The town of Ormskirk is full of eccentricities but, as Titus Cragg discovers, the shooting of a local farmer is hardly a joke. The crime leads to a series of further deaths, each of which they trace back to a compact made by a group of young people twenty years earlier, with sinister consequences for all involved. Between them Cragg and Fidelis must unravel this tangled thread and follow it as far as Lancaster Castle and the summer assizes, where a young girl will be on trial for her life and, if found guilty, at risk of death by judicial burning at the stake.
Secret Mischief is a story of light and of darkness. The vivid, raucous texture of eighteeenth century Lancashire, full of humour, bizarre characters and unexpected reversals, covers a sinister plot of greed and unscrupulous murder. Titus Cragg and Luke Fidelis must be at their alert best if the villains are to be unmasked, and justice finally done.
Published by Severn House Publishers Ltd (ISBN-13 978-0727890702) Secret Mischief is issued in hardback in the UK on 26 February 2021 and in the USA on 4 May 2021. It is available as an e-book in all territories from 1 April 2021.
Guilty unless proven innocent: what it was like to be tried for your life in Georgian England
Nowadays it is generally regarded as the bedrock of criminal trials: accused persons have to be proven guilty by their accusers. Indeed, the accused have the right to remain silent in face of the accusations against them. This may not always be wise, but the right exists simply because the burden of proof is not on them. They are innocent until proven guilty.
It was not ever thus. In 18th century England — the world of my Cragg and Fidelis novels — there was no presumption of innocence. A defendant had to prove they didn’t do it, and if they stayed silent they were presumed guilty.
In Secret Mischief one of my female characters is sent for trial at Lancaster Castle on a charge of ‘petty treason’ – that is, of murdering her employer. This was a capital offence, although for women it wasn’t a hanging one. The prescribed penalty for females was to be burned at the stake.
Like all people arraigned in England on a murder charge my character is brought before the assize court. This court’s role was specifically to try serious (and usually capital) cases, and it was held in various centres around the country where travelling judges from London “on circuit” presided. Assizes were held twice a year and usually lasted a week. They provided a great excuse for extravagant social gatherings, with raucous crowds demonstrating in the streets for and against individual defendants, while officials staged solemn and complicated ceremonies. At the end of an assize week all those sentenced to death were publicly executed at some site usually just outside the boundaries of the town or city. Huge crowds gathered to watch.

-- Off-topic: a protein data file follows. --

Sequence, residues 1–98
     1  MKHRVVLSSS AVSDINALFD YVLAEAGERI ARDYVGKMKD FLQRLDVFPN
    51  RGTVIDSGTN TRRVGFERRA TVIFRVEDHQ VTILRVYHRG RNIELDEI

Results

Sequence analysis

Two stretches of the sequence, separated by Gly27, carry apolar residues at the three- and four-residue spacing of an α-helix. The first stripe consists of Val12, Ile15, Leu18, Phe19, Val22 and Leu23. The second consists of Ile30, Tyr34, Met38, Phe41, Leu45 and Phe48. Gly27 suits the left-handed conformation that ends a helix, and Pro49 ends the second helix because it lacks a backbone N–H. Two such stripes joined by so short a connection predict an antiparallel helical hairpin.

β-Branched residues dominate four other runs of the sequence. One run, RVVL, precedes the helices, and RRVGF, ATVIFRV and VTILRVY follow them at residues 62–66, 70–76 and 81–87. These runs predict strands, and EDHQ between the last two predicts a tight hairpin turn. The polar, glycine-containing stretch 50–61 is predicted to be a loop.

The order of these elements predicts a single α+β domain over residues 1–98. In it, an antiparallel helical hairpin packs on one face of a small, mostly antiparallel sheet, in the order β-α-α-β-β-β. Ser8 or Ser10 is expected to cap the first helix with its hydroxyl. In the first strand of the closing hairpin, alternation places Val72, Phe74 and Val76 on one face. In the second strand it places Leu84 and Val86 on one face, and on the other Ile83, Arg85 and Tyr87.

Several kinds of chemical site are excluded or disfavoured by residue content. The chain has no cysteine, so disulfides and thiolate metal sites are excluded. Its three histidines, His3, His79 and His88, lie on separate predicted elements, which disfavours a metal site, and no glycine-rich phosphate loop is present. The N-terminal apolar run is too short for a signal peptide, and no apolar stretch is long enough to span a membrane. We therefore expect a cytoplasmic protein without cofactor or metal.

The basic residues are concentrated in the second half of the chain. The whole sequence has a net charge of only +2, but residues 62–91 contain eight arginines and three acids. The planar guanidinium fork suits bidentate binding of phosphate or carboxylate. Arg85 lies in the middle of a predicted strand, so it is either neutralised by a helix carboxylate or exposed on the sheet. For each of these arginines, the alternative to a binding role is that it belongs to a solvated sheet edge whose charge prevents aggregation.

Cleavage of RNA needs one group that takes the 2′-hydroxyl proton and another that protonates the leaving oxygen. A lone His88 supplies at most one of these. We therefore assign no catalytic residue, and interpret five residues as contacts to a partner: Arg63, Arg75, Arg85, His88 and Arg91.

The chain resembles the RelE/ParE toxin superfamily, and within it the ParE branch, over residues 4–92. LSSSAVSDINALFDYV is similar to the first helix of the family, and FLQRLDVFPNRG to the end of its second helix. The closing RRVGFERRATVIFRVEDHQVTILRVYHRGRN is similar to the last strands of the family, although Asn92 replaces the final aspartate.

The defendant in such cases was more often than not somebody poor and ill-educated, and very probably illiterate. Such a person’s chances of understanding what was going on were slim. Much of the legal language used by lawyers (a mixture of Latin, medieval French and English) would have been largely gobbledygook to them. The procedures of the court would also have been ill-explained and their possible fate if found guilty — being burnt alive in the case of my character — must frequently have been only half understood. Nor was any allowance made for their age: children were tried as if they were adults.
My character’s entire future depends on whether she can counter the prosecutor’s charges to the satisfaction of judge and jury, and to do so entirely without help. A trained lawyer will lay out the case against her, yet she will not be allowed the equivalent representation. When the prosecution produces witnesses to speak against her, there will be no one but herself to cross-examine them.
It is difficult for us to imagine how frightened and isolated these defendants would have felt. But it was not until the 19th century that defence lawyers entered the picture, with the ability to address the court, call and cross-examine witnesses, and sum up the defence case at the end. Without such legal assistance the dock at a Georgian assize trial was a very lonely place indeed.